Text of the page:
- A Summary of Response to the Road Traffic (Road Sobriety Checkpoints) Amendment Act 2018 by One Bermuda Alliance MP & Former Premier Michael Dunkley, in the House of Assembly on Friday, July 6, 2018
Today, in the House of Assembly, I was pleased to speak and support this Bill.
The One Bermuda Alliance supports making our roads safer.
The OBA supports education and programs like the Piece of the Rock and Drive for Change.
The OBA will support Operation Caution.
The OBA supports enforcement of laws.
The OBA supports the Bermuda Police Service in carrying out their responsibility.
Currently, driving habits on our roads are very poor to say the least. In addition, drinking and driving is a very serious issue for Bermuda. When you couple that with the fact that in Bermuda, alcohol consumption is at a high level, and has many negative consequences, we need to take whatever steps we can to change the carnage.
This legislation can help.
However, it is also our responsibility to not let our family and friends drink and drive. I suggest we have a personal responsibility to do better as too often we turn a blind eye. We must change the “culture” that it is okay to drink and drive. We must not joke about it or turn a blind eye.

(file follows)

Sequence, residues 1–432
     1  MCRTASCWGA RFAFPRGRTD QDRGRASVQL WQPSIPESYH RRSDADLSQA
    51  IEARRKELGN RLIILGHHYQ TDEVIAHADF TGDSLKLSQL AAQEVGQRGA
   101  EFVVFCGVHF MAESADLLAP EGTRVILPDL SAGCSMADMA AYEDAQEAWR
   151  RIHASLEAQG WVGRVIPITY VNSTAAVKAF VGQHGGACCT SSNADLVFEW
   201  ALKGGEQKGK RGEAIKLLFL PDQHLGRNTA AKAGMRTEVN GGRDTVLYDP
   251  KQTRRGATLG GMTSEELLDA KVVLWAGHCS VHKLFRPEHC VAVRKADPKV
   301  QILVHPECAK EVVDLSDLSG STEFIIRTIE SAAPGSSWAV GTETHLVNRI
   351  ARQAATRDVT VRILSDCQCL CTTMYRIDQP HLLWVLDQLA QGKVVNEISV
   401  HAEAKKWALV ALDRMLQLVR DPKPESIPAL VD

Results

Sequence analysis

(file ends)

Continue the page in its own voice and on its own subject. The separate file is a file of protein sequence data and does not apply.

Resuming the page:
So while this legislation is a step forward, there are some questions and issues to raise.
UK legislation to combat drinking and driving has been successful. Why have we not more closely aligned ours with theirs?
The steps required to obtain permission to conduct a road sobriety checkpoint could become cumbersome.
There are those who support road sobriety checkpoints and there are those who do not- they ask why notify people? Some also say that since we have section 315F which allows a stop and search anytime – why do we not get stricter on drinking and driving?
Why, since we have relaxed drug laws, and driving while under the influence of drugs is also a problem, are we not also testing for drugs? Other jurisdictions do and we should as well.
What budget has been allocated to this new initiative? It was not announced in the budget and has not been mentioned in the brief presented by the Minister. Without a budget it will not work. Equipment is required and training is required.
Currently, only the police doctor can take blood. This causes issues as there is only one. Why not take this opportunity while we are changing legislation to expand those who are qualified; we have many well qualified phlebotomists currently registered and it makes sense to allow them to do it when needed.
Finally, I noted that the Bermuda Police Service was not at the press conference during which Operation Caution was launched. Perhaps this was an oversight but we need all hands on deck to change the drinking and driving culture and to make our roads safer.
The Hon Michael H Dunkley JP, MP